Previous post:

Next post:

Droid Bionic review

October 16, 2011

in All Articles,Cellphone reviews

Post image for Droid Bionic review

The Droid Bionic is a high-powered, multimedia smartphone offering from Verizon Wireless and Motorola. Is becoming part of a trend mentioned by techie luminaries years ago, one that never really got off the ground, until, perhaps, now. In ye olden days (this is what I call the 1980s and 1990s), cellphones were new and rare. The tech industry dreamed of ways to use them in new and innovating ways.

You may remember commercials from various technological powerhouse companies, describing how you could use new tech to remotely activate your house lights, other appliances or other computers, or share multimedia instantly with someone on the other side of the world. Unfortunately, the hardware and infrastructure at the time was not up to the demands the dreams required, and wouldn’t be for a very long time.

Now, to abuse a saying from TV’s “Six Million Dollar Man”: We can build it: We have the technology.

To give you a feel for what I’m talking about, check the Bonic’s full feature list below, as well as these pretty cool accessories and preloaded applications.



Lapdock (available separately for $300)

The Lapdock is a full-integrated laptop that will interact your Bionic and the media on it. You’ll get an 11.6-inch screen with a full-sized keyboard and touchpad mouse:

HD Station (available separately for $100. A charging dock with no HD or USB is $40.)

If you don’t want the full laptop-like conversion of the Lapdock, the HD Station provides additional convenience and expandability. It gives you a charging stand for the Bionic, allowing you to use it (along with a provided application) as a bedside alarm clock and music player. There are also three USB ports, one mini-HDMI port, and a headphone/speaker port if you want to plug in some powered speakers. The HD Station also comes with a remote. Here are a few views of the dock and remote, along with a Leatherman for size comparison:

Droid Bionic Applications

Motoprint: Print to Wi-Fi-enabled printers
Mirror Mode: 1080p HD video playback (requires a HDMI cable, not provided)
Advanced security policies: The Bionic supports device and SD card encryption to better protect your data. (Corporate admins and enterprise environment should love this one.)
Citrix GotoMeeting: Conduct online meetings or attend them with the Droid Bionic.
Citrix Receiver: Access corporate applications and documents from the Bionic
Adobe Flash: Supported! (Not everyone can say that. I’m looking at you, Apple.)
Wireless charger support: One less cable to worry about.

Droid 3 stats and functionality

Talk time: 650 minutes. Standby time: 200 hrs
Bands/Modes: CDMA800, CDMA1900, LTE B13 700
Dimensions: 66.9 x 127.5 x 10.99 mm (2.63” x 5” x 0.43”)
Display: 4.3-inch qHD screen using scratch-resistant Corning Gorilla Glass and a dual-layer anti-reflective coating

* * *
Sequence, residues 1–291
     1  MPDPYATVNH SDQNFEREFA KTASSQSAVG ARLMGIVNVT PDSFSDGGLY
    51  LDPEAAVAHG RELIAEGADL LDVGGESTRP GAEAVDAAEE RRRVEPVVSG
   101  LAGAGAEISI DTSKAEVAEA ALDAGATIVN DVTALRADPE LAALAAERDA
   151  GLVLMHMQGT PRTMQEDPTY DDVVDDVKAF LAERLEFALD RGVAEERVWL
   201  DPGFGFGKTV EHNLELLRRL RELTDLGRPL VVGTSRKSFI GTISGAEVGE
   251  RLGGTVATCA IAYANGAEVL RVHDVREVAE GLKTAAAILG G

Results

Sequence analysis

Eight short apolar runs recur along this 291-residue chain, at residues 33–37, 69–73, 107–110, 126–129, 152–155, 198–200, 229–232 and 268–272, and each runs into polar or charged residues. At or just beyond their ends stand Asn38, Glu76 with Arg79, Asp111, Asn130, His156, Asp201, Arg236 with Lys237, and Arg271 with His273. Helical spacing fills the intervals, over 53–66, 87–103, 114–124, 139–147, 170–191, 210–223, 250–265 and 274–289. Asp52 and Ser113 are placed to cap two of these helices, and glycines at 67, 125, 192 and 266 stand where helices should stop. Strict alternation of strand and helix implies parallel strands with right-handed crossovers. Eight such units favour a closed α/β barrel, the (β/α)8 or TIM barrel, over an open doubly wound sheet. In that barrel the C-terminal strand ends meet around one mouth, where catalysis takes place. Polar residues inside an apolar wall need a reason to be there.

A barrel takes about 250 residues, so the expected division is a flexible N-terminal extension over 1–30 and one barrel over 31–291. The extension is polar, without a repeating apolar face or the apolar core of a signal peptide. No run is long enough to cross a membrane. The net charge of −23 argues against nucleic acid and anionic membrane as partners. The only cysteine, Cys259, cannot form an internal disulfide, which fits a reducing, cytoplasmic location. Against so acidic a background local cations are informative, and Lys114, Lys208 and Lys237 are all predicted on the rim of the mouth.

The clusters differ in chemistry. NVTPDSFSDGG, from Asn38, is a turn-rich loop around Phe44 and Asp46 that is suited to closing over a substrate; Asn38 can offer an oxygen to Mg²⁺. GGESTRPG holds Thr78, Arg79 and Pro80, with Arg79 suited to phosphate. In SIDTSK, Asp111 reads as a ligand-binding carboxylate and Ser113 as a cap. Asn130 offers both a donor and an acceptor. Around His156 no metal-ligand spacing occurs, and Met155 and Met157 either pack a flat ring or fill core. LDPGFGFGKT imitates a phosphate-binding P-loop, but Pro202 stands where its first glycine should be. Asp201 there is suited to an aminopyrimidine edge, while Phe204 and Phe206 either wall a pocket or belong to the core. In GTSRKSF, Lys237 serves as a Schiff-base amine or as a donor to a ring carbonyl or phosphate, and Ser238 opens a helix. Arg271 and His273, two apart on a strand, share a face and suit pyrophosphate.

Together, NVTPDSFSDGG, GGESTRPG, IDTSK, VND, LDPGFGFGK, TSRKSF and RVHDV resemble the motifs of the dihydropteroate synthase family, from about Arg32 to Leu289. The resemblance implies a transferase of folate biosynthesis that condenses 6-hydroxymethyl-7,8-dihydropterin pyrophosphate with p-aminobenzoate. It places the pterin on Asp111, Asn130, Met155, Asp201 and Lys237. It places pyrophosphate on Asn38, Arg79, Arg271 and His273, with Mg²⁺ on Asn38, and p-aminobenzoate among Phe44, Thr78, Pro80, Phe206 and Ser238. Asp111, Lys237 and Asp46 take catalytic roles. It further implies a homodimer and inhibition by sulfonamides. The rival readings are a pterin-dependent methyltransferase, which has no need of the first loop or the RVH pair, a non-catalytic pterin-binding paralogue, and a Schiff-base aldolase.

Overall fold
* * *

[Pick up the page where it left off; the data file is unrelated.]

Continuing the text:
Weight: 158 g (5.6 oz)
Battery: 1735 mAh battery
OS: Android 2.3.4 (Gingerbread)
Connectivity: 3.5mm + EMU, USB 2.0 HS, Corporate Sync, DLNA, FOTA
Network: Verizon Wireless, 4G
WLAN: 802.11b, 802.11g, 802.11n
Camera: 8MP camera, VGA P2P Video (front-facing camera), Digital Zoom, Auto Focus, LED flash
Bluetooth: Stereo Bluetooth Class 2, Version 2.1 +EDR (Supported profiles: a2dp, avrcp , gavdp , hfp, hid, hsp, map, opp, pan , pbap , DUN, AVDTP, AVCTP)
Audio: AMR-NB, AMR-WB, AAC, AAC+, Enhanced AAC+, MP3, 8-bit Linear PCM, 16-bit Linear PCM, 8-bit A-law PCM, 8-bit mu-law PCM, WMA (v2, v7, v8, v9+, v10++, L1-L3), QCELP, EVRC and OGG
Video: 1080p HD Video Capture/Playback/Streaming and Mirror Mode with HDMI out (cable required and not included), MPEG4, H.263, H.264, VC-1, Xvid and VP8/WebM
Memory: 1GB RAM, 16 GB onboard memory and 16 GB microSD card preinstalled. Can support up to a 32GB microSD card.
Messaging/Web/Apps: MMS, SMS, Email (Corporate Synch); Full suite of Google applications and services: Google Maps, Google Talk, GMail, YouTube; preloaded with Adobe Flash Player 10, MOTOPRINT for Wi-Fi printing and Citrix Receiver and GoToMeeting
Location Services: aGPS (assisted), E-compass, sGPS (simultaneous)


High-powered, do-everything evices like the Droid Bionic are becoming not just a trend, but an industry standard. We now expect our smartphones to be able to do as many things as possible. (This opinion doesn’t address specialty devices like the Amazon Kindle, because they have their place, too.) For example, with the Bionic and an accessory like the HD Station, you can use the remote to start up a movie or music on an attached HDMI TV, while checking your email on the phone itself.

The downside is that the Droid Bionic isn’t cheap. Even with a 2-year service plan to subsidize the cost, Verizon still charges $300. This is within the smartphone price range, but is certainly on the high side. Throw in a Lapdock and the HD Station, and you’ve spent about $700. That’s a cost of a mid-range laptop.

The Droid Bionic is available from Verizon Wireless for $300 with a service plan, or $590 without.

{ 1 comment }

kimberly hartner April 10, 2012 at 2:36 am

I had a rapture about 3 1/2 years ago. I recently came to verizon again, and got the motorola droid bionic. I didn’t like the price tags that come with the data plans and I had problems with the phone screen going off while I was pushing numbers for an account or bill. I just purchased a used rapture today, April 10th. I am so happy. It may be only $19 but it was and still is my favorite phone. Why do I need a keyboard on my phone when I have one on my computer and tablet and my roommate has a data plan with a better phone, the samsung droid charge. I am not opening my phone til my birthday. I wish you could give more tips on the rapture and after all this time, about system updates. Thanks.

Previous post:

Next post: